“Where there is no human connection, there is no compassion. Without compassion, then community, commitment, loving-kindness, human understanding, and peace all shrivel. Individuals become isolated, the isolated turn cruel, and the tragic hovers in the forms of domestic and civil violence. Art and literature are antidotes to that.” –Susan Vreeland
A man claiming to be the “grandson” of Mexican revolutionary Pancho Villa was apparently picking on random people with a steel chain whip in Queens. I previously encountered the individual, a muscular man, later identified as “Francisco Arango,” outside my apartment around 7:00 p.m. He was either drunk or under the influence of an illegal substance (or both) as he was unable to walk straight and was murmuring in Spanish.
His feet were unable to sustain his unruly matter and it appeared the guy could be knocked down by a push from a heaver adversary.
Arango held the chain which with both hands and prepared to smash it over my head when our eyes met – nobody blinked. While preparing to make an Usain Bolt-like escape, I said to him, “Hello. Good evening.” The wacko stopped talking and abruptly canceled his homicidal plans. He then allowed me to walk away – Thank God.
Back in my second floor apartment, it was just past 11:00 p.m. when I heard a commotion downstairs. Checking the terrace, I saw the mad man with the same weapon chasing a tall (but sober) person who was engaging him in a shouting match. They both spoke Spanish but the drugs and/or alcohol were still very much in control. Arango was wild and dangerous.
The potential victim managed to elude his attacker and I went back to sleep.
Just past 3:00 a.m., more intense and boisterous disorder erupted, which roused me from sleep. Returning to the terrace, Arango was now exchanging blows with an unidentified man (I have worked as a professional boxing referee and the action I witnessed was peanuts compared to bouts in the ring, except this fight did not have rules); and with the chain whip gone, it was an even battle.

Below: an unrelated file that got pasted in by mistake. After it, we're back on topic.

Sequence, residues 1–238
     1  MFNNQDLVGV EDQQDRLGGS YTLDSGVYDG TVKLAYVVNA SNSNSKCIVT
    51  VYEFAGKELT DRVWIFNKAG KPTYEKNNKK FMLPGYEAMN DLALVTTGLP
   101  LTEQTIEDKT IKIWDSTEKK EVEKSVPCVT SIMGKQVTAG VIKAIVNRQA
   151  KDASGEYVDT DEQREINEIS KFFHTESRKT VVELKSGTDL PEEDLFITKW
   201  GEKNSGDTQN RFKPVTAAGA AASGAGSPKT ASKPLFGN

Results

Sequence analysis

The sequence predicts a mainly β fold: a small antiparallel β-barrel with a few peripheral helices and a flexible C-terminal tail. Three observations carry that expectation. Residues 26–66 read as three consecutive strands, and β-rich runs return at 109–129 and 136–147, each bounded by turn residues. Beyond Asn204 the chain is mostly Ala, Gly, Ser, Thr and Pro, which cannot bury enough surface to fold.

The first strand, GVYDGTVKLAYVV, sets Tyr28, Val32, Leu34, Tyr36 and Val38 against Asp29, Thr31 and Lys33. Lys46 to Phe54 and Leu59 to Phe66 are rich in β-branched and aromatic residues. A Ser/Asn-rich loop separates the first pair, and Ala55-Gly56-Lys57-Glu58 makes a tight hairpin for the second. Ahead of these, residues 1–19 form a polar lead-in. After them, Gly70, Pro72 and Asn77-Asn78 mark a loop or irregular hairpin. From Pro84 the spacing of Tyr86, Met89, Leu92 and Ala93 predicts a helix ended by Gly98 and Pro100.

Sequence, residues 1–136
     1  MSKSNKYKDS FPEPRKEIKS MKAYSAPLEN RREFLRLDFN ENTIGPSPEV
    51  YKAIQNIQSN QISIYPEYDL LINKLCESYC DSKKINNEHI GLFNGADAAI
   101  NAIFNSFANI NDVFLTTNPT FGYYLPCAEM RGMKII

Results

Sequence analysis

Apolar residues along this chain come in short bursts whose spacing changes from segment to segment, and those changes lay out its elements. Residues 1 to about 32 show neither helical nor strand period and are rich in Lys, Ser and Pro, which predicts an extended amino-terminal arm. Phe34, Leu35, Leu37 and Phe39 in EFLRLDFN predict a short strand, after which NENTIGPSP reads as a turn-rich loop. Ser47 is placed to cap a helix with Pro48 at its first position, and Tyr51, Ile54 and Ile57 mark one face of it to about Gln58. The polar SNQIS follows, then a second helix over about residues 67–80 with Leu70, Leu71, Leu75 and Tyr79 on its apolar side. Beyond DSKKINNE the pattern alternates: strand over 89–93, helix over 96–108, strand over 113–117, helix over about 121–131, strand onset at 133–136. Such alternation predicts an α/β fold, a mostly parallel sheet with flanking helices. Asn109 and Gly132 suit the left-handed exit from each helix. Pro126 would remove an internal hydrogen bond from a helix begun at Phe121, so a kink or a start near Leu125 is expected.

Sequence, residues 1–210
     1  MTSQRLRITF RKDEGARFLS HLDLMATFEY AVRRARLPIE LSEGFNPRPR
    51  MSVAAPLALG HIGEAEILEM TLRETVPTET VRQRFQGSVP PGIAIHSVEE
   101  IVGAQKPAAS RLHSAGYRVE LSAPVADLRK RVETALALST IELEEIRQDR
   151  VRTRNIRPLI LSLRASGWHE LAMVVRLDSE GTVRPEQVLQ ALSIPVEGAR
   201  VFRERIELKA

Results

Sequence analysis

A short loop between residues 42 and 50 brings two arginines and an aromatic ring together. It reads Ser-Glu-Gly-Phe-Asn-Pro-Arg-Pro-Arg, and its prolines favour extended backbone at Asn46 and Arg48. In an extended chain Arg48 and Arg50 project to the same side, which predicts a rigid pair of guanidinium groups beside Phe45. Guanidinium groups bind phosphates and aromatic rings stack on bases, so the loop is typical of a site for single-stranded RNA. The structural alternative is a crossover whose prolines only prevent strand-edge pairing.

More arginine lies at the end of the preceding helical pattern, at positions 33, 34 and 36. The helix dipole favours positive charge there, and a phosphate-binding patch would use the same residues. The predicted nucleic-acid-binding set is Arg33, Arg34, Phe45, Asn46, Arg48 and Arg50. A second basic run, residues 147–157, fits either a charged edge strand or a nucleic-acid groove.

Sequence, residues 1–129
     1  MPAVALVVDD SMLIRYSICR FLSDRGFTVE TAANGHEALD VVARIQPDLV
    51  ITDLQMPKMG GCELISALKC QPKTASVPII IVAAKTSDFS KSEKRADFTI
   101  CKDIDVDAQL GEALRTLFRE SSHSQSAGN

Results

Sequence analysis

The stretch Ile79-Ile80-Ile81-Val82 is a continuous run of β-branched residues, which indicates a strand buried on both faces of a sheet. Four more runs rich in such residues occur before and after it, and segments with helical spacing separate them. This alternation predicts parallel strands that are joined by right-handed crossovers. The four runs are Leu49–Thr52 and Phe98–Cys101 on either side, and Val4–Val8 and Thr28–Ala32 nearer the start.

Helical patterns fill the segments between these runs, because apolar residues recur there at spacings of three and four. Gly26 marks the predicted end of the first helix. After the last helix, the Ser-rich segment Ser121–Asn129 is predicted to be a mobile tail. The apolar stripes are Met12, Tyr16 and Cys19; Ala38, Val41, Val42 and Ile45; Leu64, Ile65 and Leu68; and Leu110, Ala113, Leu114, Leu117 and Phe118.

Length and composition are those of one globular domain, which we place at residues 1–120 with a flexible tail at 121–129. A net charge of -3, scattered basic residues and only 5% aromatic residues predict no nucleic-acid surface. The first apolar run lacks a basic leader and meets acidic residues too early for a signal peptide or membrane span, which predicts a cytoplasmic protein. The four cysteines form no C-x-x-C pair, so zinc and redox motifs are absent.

The latest opponent, a Lou Ferrigno-lookalike, who was also possibly under the influence, overpowered Arango. In addition, another man joined in aid of the challenger. Despite his build, the aggressor was battered black and blue as he faced four fists and four kicking legs. A final kick to Arango’s chin from backup knocked him out cold.
There were no police, no ambulance, and no passersby – I was the sole witness; I was ring side to a WWE rumble.
And I went back to sleep.
I have no idea what happened to Arango, but the punishment received during the early morning bout was enough to land him in the emergency room. Did he suffer major injuries? Did the assault cause paralysis? Did he incur head injuries? Nobody knew.
To my surprise, I saw him outside my apartment last month – he even opened the game for me. Meek and ashen-looking, he avoided eye contact; the wild boar became a shy kitten.
I learned Arango was born Doroteo Arango; from Durango, Mexico; and the “grandson” of Pancho Villa.
Villa led bold cavalry charges, was said to be popular with the ladies (purportedly marrying 26 times), and loved to dance.
At the start of the Mexican Revolution, he came down from the mountains and formed an army in support of populist Francisco Madero.
Villa was later assassinated in Parral in 1923.
When Filipino boxer Francisco Guilledo debuted in the United States the same year, his handlers named him as “Pancho Villa.” Guilledo, originally from Negros Occidental, won the world flyweight title that year after knocking out Jimmy Wilde at the now-demolished New York City Polo Grounds.
He died on July 14, 1925 at 23 in San Francisco, California of a tooth infection./WDJ